A lump in the neck may be the early manifestation of a host of pediatric conditions.1,2,3 The majority will prove to be inflammatory lymph nodes, while few of the remaining lesions can be said to be truly common. Rarely will the pediatrician or general practitioner have broad enough experience to feel at ease with diagnosing the full range of mass lesions that may present in the neck.
Nevertheless, most presentations are typical of the lesions they represent and with an appropriate history, physical examination, and an orderly approach, a reliable diagnosis can usually be made. Most neck masses are relatively innocent and common, while some are extraordinarily rare4 or atypical and no amount of clinical calisthenics short of excisional biopsy will provide an answer. Such is the nature of pediatric neck masses.
Many classifications of neck masses have been developed but a consideration of lesions presenting in a particular anatomic area is perhaps the most workable. The anatomy of the neck is compact and complex and an appreciation of the significant structures in an area is the key to a ready diagnosis. Anatomic minutiae are of little importance in this exercise.
It is also useful to divide these masses into two broad categories: cystic lesions, which consist mainly of pharyngeal cleft remnants and vascular malformations; and solid lesions, which are generally inflammatory or neoplastic. This distinction can usually be made clinically but ultrasound5 imaging is a quick, easy, noninvasive corroborating modality.
LATERAL NECK LUMPS
The lateral aspects of the neck contain a great diversity of anatomical structures and constitute the bulk of the pathologically significant neck volume. The bulk of disease, therefore, presents in this area.
For convenience, it is helpful to divide the lateral aspect of the neck into a superior and inferior region. The superior part is the home of the larger proportion of masses, most of which usually have a straightforward etiology. Lumps and humps in the inferior neck are not only less common, hut frequently obscure and often ominous.
Although lymphadenopathy6 may be present virtually anywhere in the neck in association with an inflammatory or neoplastic process, glandular involvement most frequently presents in the jugulodigastric area and somewhat less frequently in the submandibular triangle anteriorly or the posterior-triangle and sternomastoid area posteriorly.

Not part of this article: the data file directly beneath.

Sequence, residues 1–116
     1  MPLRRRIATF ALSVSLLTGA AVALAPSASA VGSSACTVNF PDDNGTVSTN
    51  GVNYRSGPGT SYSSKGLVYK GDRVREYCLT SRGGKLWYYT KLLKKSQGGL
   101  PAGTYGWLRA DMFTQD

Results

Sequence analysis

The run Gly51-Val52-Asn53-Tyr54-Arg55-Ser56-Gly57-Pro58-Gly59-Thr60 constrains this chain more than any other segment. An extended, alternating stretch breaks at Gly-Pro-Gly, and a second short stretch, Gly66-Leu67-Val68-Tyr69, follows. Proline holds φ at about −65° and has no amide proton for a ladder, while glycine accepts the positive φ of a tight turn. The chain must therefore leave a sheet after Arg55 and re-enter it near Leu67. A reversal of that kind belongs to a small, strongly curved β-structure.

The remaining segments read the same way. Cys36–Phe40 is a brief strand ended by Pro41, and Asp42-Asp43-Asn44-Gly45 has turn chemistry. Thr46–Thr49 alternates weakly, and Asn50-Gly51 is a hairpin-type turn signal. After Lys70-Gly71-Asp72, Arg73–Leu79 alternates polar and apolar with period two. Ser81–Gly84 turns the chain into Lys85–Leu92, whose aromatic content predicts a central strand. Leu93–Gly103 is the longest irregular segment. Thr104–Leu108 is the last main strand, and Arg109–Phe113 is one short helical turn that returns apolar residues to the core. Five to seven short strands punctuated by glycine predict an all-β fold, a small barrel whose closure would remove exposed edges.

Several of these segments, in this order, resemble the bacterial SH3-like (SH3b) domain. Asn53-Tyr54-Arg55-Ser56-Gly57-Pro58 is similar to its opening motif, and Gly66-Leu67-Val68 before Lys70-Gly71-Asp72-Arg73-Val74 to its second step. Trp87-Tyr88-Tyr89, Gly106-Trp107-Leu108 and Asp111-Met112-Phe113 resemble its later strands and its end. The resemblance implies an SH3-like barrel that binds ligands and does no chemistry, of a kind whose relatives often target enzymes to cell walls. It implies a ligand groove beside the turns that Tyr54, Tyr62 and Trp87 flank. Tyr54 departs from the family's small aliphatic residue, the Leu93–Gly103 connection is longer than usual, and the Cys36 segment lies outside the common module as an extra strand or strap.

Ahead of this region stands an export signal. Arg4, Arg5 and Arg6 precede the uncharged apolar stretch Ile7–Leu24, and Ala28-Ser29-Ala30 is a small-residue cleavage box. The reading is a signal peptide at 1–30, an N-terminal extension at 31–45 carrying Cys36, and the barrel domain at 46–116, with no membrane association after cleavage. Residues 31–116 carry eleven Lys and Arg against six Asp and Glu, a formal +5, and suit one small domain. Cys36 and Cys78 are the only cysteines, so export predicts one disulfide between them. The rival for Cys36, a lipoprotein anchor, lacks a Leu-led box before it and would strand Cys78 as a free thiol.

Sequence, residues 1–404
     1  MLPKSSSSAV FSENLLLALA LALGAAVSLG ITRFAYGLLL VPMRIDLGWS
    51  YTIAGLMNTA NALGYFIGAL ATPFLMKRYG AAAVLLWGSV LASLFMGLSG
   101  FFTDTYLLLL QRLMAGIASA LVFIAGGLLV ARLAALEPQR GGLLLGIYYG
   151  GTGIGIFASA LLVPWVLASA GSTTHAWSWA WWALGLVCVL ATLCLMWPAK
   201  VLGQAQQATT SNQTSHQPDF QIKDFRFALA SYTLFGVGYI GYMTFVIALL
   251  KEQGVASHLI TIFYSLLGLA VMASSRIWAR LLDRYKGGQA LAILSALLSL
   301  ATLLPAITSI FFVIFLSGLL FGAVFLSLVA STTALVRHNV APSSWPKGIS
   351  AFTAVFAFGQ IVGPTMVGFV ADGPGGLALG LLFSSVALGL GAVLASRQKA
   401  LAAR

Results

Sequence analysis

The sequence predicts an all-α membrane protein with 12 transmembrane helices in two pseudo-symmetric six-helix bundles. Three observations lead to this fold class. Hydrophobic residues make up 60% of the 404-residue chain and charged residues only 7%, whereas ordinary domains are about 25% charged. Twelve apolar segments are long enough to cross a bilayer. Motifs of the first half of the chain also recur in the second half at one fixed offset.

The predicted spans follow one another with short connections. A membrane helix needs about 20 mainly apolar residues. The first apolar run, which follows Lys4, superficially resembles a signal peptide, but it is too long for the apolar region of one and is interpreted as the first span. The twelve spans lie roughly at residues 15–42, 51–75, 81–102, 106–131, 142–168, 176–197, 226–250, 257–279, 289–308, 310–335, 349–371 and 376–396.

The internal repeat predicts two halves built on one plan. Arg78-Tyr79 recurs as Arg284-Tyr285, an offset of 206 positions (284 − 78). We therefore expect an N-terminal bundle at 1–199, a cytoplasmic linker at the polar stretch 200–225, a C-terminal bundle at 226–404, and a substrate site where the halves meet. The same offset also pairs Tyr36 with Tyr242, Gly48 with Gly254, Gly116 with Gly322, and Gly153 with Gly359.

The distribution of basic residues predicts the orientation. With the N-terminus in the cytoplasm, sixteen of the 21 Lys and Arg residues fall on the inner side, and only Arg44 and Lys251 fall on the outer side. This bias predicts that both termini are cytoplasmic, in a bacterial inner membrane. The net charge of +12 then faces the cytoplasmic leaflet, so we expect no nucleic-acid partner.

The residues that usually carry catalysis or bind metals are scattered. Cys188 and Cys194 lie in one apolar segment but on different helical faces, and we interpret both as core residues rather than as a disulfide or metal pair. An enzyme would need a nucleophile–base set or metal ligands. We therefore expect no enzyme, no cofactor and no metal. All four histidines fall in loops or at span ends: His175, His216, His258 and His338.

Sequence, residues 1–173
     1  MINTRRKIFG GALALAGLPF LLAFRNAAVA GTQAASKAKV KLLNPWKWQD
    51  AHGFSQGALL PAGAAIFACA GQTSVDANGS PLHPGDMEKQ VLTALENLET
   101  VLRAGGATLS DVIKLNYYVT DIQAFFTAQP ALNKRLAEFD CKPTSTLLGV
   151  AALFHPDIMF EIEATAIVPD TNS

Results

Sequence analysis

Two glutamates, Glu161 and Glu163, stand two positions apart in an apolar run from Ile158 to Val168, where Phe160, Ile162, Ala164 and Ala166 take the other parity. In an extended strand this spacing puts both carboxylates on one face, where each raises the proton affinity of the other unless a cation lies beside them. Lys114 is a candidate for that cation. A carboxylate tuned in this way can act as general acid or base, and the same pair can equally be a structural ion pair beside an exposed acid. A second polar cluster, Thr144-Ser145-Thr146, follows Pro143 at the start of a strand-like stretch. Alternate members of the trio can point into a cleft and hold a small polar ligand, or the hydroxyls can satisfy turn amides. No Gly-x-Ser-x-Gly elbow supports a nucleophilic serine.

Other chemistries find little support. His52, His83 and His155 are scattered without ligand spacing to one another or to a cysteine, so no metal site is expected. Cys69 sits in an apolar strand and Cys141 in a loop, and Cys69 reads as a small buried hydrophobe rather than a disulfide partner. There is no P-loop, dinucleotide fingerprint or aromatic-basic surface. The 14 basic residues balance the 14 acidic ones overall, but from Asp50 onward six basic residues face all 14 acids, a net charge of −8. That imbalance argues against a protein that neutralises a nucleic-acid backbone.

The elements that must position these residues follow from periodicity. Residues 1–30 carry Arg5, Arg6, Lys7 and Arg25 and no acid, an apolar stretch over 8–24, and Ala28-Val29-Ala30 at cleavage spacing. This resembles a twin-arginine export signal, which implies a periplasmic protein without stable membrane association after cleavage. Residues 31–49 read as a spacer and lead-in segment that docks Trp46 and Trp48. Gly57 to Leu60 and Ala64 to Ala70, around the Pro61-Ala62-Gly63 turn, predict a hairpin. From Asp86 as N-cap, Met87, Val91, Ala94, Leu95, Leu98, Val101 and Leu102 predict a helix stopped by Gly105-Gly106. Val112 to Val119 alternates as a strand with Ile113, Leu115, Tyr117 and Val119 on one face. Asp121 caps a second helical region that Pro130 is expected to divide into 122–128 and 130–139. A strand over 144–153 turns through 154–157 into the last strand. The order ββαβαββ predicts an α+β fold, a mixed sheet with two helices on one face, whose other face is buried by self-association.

An acute lymphadenitis presenting in these areas with marked tenderness, torticollis, trismus and dysphagia, and associated systemic signs of infection is seldom a diagnostic challenge to the clinician. These are almost always the result of a primary bacterial or viral infection, or secondary to pharyngotonsillitis or an inflammation in a related area of the upper aerodigestive tract. They respond readily to treatment. The less dramatic and particularly the asymptomatic adenopathies can be more difficult to assess and are often more disconcerting.
Infectious mononucleosis may present in the child with rapidly progressive massive cervical lymphadenopathy. Although the child may complain of local pain, tenderness is minimal and torticollis and trismus often absent. Dysphagia and obstructive airway complaints may be present but these are due to associated hypertrophy of adenoids and lingual and faucial tonsils. The tonsils and adenoids are covered with white necrotic debris but with little surrounding edema or redness as would be apparent in a bacterial tonsillitis. Petechiae may be present on the soft palate, and the presence of more generalized adenopathy and hepatosplenomegaly will support the diagnosis. Seroconversion may be late in this age group but a compatible peripheral blood smear is helpful. Should an apparently infective acute lymphadenopathy tail to settle on antibiotics or be associated with persistent fever, stomatitis, conjunctivitis, desquamation of the hands and feet, and/or a polymorphous exanthem, Kawasaki's disease should be considered and prompt management instituted.